KVI-CART astounded and perplexed
Reorganisation? In this economy?
On 15 January, the RUG received a letter that made Helsinki Institute for Physics project leader Tuomas Grahn and programme director Ari Jokinen livid – with good cause.
The Fins had already been in negotiations with the KVI-CART in Groningen for two years. The KVI-CART, which is not affiliated with any university faculties but reports directly to the university board, had agreed to build a high-tech part for the FAIR accelerator in the German city of Darmstadt. It was a giant project that would have cost the international community upward of 2 billion euros and was a million euro commission for the KVI-CART.
But then with a single letter, the board of directors cancelled the project.
‘The consequences are drastic’, the Fins responded. ‘In short, this would delay the completion of one of the critical instruments of FAIR GmbH and put Finnish contribution for that in risk. Naturally such an event would have negative impact on the research community in Finland, the Netherlands, and elsewhere. We find your decision unacceptable and request you reconsider.’
So why is the board of director blocking a lucrative contract that would lead to international collaborations? It’s not the first time something like this has happened. The KVI-CART has come close to signing similar contracts in the past, but these, too, were cancelled before they could go ahead.
We find your decision unacceptable
According to the board, they were canceled because the research institute needs restructuring. ‘We don’t want to take on long-term commitments that would require us to maintain the current infrastructure’, said Jan de Jeu in a University Council meeting.
In this case, he was referring to the gigantic AGOR cyclotron that was built at the back of the Zernike lot in the seventies and is used to accelerate atomic nuclei. The infrastructure also includes a workshop for the technicians and draughtsmen who keep the accelerator going, and high tech equipment for organisations such as space agency ESA.
Why does the board want it restructured?
Pride and joy
That’s easily, says De Jeu: the institute, once the RUG’s pride and joy, has been haemorrhaging money for years. That can’t just keep happening, he says. And a 2017 review committee determined that the particle accelerator wasn’t being used enough to justify costs. On top of that, nuclear physics aren’t ‘hip’ anymore, which means the nuclear and hadron physics research group probably isn’t likely to bring in enough money in the future, either. On top of the money question, the board also feels the various research groups aren’t collaborating enough. So, he says, it’s time to fix this.
But the institute’s staff, approximately forty scientists and technicians, are perplexed by this turn of events. In 2016, the board of directors approved a strategic plan to keep the particle accelerator operational for another decade. The institute and the board agreed: the institute’s progress and viability would be re-evalutaed in 2021. In light of this agreement, the institute’s staff even invested new money in the accelerator.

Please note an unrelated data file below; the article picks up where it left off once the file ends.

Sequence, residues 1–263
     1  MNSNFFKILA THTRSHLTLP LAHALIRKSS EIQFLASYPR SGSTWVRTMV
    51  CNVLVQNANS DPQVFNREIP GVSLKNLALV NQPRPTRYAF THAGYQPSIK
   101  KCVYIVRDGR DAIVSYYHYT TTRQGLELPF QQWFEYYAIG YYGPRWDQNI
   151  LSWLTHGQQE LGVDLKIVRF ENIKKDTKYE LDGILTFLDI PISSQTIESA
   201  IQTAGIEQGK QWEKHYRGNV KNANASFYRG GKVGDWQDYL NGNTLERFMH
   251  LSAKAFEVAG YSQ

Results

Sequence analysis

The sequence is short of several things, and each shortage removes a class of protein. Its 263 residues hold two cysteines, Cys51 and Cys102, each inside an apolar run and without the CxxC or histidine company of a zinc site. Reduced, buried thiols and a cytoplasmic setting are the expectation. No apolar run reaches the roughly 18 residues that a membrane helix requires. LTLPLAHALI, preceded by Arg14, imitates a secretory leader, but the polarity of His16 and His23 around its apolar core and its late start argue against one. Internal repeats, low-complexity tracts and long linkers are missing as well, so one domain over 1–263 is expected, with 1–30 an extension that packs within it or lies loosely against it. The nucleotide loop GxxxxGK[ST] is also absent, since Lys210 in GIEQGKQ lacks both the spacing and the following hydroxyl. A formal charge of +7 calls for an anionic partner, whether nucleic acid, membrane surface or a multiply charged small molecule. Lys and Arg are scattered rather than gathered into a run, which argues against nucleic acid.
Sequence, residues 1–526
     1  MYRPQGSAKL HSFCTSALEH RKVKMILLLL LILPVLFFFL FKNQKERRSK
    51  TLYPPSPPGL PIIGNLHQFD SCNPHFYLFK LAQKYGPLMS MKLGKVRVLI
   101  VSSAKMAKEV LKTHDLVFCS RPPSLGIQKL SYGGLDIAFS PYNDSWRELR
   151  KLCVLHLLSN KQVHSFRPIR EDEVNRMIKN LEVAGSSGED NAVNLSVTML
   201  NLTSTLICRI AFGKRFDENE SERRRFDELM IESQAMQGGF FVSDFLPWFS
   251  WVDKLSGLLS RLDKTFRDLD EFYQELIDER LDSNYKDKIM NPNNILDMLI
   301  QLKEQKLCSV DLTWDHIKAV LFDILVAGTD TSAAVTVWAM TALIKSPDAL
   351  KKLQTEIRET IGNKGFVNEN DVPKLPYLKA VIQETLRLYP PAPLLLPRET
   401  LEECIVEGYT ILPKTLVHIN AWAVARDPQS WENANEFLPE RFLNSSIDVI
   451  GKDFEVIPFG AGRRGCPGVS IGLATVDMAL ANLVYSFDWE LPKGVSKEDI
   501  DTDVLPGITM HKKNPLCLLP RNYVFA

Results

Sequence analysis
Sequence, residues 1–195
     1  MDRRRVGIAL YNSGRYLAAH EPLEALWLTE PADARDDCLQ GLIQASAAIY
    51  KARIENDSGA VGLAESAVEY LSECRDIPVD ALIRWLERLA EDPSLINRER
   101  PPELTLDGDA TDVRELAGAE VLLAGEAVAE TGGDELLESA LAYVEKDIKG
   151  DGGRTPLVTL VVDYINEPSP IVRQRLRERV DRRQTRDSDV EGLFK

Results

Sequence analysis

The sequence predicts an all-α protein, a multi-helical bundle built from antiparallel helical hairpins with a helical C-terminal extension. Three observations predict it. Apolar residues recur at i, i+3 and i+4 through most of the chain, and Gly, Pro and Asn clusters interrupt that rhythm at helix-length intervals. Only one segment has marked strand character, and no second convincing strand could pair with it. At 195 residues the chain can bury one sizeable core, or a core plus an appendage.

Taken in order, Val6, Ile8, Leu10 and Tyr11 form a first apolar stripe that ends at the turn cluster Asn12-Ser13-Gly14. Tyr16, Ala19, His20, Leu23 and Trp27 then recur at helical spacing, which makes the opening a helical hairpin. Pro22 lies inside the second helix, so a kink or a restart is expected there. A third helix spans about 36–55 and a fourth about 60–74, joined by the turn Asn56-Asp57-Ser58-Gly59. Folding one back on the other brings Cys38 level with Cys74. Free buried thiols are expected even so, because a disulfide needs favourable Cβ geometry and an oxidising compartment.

‘It’s all gone topsy-turvy’, technician Oscar Kuiken says, speaking for the entire staff. ‘I think it’s astonishing that the board is using the fact that we have fewer reserves as a justification for reorganisation, while they also created the conditions for us to make investments.’
But those investments are the cause of the deficit, says professor of nuclear physics Nasser Kalantar. ‘After the 2013 restructuring, we agreed to stop investing in AGOR. But if we had, we would be in the black. We considered the new 2016 plans a reset.’
According to the new plans – which the board approved – they would re-invest in AGOR . Kalandar explains that the particle accelerator, which costs 1.5 million euros a year just to maintain, is more than worth it. ‘AGOR isn’t old’, he says. ‘It’s a teenager. And it’s good for another twenty or thirty years.’
AGOR is good for another twenty or thirty years
In addition, AGOR is just as good as, say, the Large Hadron Collider at CERN in Switzerland. ‘There are only three accelerators of this kind in the world, that can accelerate both light and heavy nuclei.’
So the institute made grand plans for the KVI-CART and AGOR. As far as they knew, the review committee was happy with these plans, which helped assistant professor Julia Even get several necessary grants: 425 thousand euros from research financier NWO in 2017, and a prestigious 1.8 million euro ERC grant in 2018. The plans depended on the accelerator.
In the meantime, they could also earn money through commercial radiations for car manufacturers or space agency ESA. They’ve cornered that market; the other two accelerators of this kind are all booked up, Kalantar says. ‘If AGOR runs commercially for two months, we could cover half of the maintenance costs.’
And even the deficits – which can be chalked up to several other things besides the investments – weren’t that big a deal. For example, the salary of a professor working for the NOW, which was only a small a drain on the budget. Or the large but one-time outage in 2017, which resulted in losing a slew of commercial radiations. Or the fact that KVI-CART overpaid the RUG financial centre FSSC by three hundred thousand euros, which is money they will eventually get back.